Questions About This Book?
I need you to do me a favor. Yes, you. You'd better do it, too, because I'm not going to let you read any further until you do. Okay, are you ready? Stretch your right arm high up to the sky. Now reach across the top of your head and touch your left ear. Did you do it? Good. Go find a mirror and look at yourself.
Do you see how your arm forms a kind of arch over your head like that? Did you ever realize that your arm was so flexible or that it could reach so far? Did you know you could do that?
Well, Georgie can't.
I thought you should know that before you started reading about him. It's not that Georgie's problems all started because he couldn't touch his left ear with his right hand, but the fact is that he can't. Even if he wanted to.
You can let go of your ear now.
Georgie sat at his desk in Mr. Myers's fourth-grade class, his chin in his hands, and tried to ignore the tapping on his shoulder.
The thing about Jeanette Wallace, Georgie thought, was that she was mean. That's why everyone called her Jeanie the Meanie. Georgie had known her since he was five years old, in kindergarten, and she'd been mean even then. She was always staring at him or following him around at recess and asking him mean questions like "How come your head's so fat?" And when he tried to ignore her, like all the adults in the world told him to, she got mad and bugged him more. Once she'd even made up a song about him.
Georgie Porgie puddin' and pie
Too bad you're only two feet high
True, she'd gotten in trouble for singing it and had to scrape gum off the bottoms of the desks for an entire lunch period, but that still didn't make Georgie feel a whole lot better.
The worst part, though, was that Georgie had been sitting directly in front of her since the first day of fourth grade.
Georgie stared straight ahead and tried to think good thoughts, like the fact that this was the last day before Christmas break, which meant no more Jeanie the Meanie for two whole weeks.
Suddenly something caught Georgie's eye. Three rows up and two seats over, Andy Moretti dropped his pencil on the floor. Georgie held his breath. If Andy picked the pencil up in one swift movement, it meant the drop had been an accident. But if Andy struck the pencil twice on the floor before returning it to his desk, it was a signal.
The thing about Andy Moretti, Georgie figured, was that he was Italian. Not just a little Italian like Georgie was a little bit Irish (and a little bit German and Scottish and Native American and who knew what else); Andy was all Italian. He was also the best soccer player out of all the kids in fourth-grade lunch and Georgie's best friend since forever.
Andy struck the pencil twice.
Georgie smiled and raised his hand. He tried to raise it as high as he could, so Mr. Myers would be sure to call on him.
"Yes, Georgie?" Mr. Myers said. "Did you want to work out this problem for us?"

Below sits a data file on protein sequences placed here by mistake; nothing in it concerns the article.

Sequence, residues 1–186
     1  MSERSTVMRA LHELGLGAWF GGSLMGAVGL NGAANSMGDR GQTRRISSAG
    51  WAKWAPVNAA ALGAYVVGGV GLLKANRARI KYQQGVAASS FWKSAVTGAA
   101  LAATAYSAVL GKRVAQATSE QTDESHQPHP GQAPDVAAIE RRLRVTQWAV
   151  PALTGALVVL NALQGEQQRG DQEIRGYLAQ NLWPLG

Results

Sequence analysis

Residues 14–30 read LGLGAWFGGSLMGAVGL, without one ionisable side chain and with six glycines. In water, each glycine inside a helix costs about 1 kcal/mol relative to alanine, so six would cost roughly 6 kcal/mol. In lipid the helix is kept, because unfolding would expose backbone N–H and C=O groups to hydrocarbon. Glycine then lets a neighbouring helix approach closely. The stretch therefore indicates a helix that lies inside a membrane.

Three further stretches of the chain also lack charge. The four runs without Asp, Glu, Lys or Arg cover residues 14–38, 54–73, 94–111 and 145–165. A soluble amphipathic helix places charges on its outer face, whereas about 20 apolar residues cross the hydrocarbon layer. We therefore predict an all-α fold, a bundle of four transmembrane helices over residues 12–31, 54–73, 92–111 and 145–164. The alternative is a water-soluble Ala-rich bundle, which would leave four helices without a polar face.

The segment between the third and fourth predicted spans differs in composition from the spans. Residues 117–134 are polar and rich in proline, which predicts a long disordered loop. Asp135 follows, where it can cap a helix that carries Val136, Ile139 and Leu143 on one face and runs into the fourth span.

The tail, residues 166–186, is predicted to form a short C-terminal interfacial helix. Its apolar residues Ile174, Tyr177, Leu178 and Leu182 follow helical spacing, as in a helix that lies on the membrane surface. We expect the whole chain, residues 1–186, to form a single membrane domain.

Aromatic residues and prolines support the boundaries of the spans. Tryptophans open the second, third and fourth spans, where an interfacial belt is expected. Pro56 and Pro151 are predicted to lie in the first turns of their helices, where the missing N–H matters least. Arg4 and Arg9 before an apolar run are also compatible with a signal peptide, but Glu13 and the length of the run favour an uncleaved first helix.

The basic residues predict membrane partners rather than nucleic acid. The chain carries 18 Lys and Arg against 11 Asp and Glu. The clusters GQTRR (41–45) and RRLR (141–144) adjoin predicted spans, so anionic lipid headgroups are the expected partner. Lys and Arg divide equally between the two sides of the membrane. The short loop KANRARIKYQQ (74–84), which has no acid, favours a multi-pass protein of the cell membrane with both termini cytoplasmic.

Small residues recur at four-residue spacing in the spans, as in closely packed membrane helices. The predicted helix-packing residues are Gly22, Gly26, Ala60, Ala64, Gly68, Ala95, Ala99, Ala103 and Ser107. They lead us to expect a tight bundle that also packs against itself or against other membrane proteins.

Georgie nodded and slipped out of his seat to walk to the chalkboard. He hopped up onto the step stool that was always at the front of the room, just for him, and then he finished the problem that Mr. Myers had written on the board: 3 10 = 7.
On the way back to his seat, Georgie made a detour so he could pass Andy's desk, and Andy slipped a note into his hand. Georgie waited until he was safely back in his seat and then unfolded the paper quickly under his desk. "My mom will pick us up. Don't take the bus!"
Georgie felt another tap on his shoulder. "What's the note say?" Jeanie the Meanie hissed in his ear. Georgie didn't answer. He shoved the paper into his pocket and ignored the tapping until the bell finally rang three minutes later. Then, like everyone else, he leaped out of his chair, snagged his backpack from his cubby, and raced over to the wall by the door to grab his coat.
Everyone in Mr. Myers's class had their own hook for their coats with their name written above it, but Georgie's was different. Georgie's hook was a foot lower than all the others. The janitor had put it in especially for him on the first day of fourth grade. Georgie usually didn't think much about it. He didn't usually think about the step stool under the chalkboard either. Or the fact that his feet didn't reach the floor when he sat at the lunch table, or that Jeanie the Meanie picked on him more than anyone else in the school. That was just the way things were, and Georgie knew there wasn't anything he could do to change it.
Because the thing was, Georgie Bishop was a dwarf.The Thing About Georgie. Copyright © by Lisa Graff. Reprinted by permission of HarperCollins Publishers, Inc. All rights reserved. Available now wherever books are sold.
Excerpted from The Thing about Georgie by Lisa Graff
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